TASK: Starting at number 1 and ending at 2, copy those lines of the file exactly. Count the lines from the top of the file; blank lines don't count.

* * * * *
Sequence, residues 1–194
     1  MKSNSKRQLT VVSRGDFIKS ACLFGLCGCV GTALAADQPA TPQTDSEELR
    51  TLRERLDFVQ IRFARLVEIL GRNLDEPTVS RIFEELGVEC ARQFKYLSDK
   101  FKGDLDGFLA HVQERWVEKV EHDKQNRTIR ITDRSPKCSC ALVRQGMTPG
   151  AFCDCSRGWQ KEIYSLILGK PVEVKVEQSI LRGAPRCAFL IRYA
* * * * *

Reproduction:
Sequence, residues 1–194
     1  MKSNSKRQLT VVSRGDFIKS ACLFGLCGCV GTALAADQPA TPQTDSEELR